forget

James Hague <>
Tue Jun 4 15:48:32 CEST 2002


>  I am becoming  more and more convinced that  Erlang should be
>judged as a concurrent language than as an FP langauge.

I disagree, though the concurrency is invaluable.

The original point of functional programming, at least as I've always seen
it, was that computation was done in a referentially transparent way (see
Backus's FP articles, for example).  In the last decade or more, this has
changed into functional programming being entirely about:

1. Higher order functions.
2. Type systems.

While these are both useful, they're more icing than the core of functional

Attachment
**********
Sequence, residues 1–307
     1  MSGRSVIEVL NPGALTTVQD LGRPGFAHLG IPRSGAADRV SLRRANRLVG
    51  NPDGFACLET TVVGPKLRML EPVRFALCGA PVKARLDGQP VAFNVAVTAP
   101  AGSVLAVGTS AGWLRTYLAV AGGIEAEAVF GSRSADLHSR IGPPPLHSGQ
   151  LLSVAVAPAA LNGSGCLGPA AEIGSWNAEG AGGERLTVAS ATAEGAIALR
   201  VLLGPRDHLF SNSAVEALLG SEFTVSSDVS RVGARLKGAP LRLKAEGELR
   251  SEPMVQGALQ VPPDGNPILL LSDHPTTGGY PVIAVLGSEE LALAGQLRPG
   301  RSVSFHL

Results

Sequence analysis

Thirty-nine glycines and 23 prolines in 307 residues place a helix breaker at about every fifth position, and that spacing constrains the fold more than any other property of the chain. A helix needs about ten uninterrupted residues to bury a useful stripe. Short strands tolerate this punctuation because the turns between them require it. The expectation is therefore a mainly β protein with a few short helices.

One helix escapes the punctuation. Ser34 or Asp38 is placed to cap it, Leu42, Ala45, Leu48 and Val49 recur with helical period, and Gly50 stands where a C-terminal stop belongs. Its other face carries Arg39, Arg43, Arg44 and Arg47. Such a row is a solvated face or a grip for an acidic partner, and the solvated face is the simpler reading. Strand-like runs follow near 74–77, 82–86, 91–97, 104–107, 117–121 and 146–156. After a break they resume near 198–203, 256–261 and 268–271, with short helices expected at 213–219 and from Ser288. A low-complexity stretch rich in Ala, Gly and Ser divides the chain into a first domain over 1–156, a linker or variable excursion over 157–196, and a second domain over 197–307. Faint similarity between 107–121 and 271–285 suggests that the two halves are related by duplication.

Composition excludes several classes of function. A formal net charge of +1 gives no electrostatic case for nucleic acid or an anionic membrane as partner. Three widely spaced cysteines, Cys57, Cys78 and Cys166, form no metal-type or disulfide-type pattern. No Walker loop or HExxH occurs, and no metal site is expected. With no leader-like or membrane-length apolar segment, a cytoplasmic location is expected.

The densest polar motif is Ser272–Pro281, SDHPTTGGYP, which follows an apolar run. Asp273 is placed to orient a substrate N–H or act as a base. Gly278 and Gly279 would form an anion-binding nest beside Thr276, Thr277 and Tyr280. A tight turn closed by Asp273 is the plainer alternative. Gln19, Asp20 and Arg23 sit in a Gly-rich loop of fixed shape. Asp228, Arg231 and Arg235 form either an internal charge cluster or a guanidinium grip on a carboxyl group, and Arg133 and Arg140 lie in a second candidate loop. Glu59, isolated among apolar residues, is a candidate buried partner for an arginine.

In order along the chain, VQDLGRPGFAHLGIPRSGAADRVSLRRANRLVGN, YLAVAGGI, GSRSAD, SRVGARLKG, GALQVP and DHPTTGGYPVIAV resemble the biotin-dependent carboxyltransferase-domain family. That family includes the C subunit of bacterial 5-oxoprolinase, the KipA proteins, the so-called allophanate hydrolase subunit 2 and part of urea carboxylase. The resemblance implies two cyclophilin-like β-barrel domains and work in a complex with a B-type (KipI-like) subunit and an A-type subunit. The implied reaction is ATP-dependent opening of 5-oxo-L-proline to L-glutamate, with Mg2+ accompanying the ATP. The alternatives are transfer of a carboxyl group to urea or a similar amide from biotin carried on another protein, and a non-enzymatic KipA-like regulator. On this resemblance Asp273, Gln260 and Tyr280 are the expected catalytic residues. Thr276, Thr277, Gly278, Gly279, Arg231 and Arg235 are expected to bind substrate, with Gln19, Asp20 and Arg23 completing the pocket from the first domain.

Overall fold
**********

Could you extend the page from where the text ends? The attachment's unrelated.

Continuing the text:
programming:  programming without destructive updates.  As such, I find
writing functional programs more approachable in Erlang than in Haskell or
ML.  Haskell lends itself to a dense style of function composition, which I
find obtuse.  And both Haskell and ML put correct typing above writing the
most succint and obvious code.  There's a good paper by Aiken, et al, about
the successor to Backus's FP:  FL.  One of the design goals was to avoid a
static type system because it was one extra thing to stand in the way of
someone learning the language.  A very interesting read:

http://citeseer.nj.nec.com/183013.html

(Section 4.2 is about the decision to be be dynamically typed, even though
"Within the functional programming community, an overwhelming majority
supports static typing.")

I need to write an FL interpreter in Erlang , I think :)



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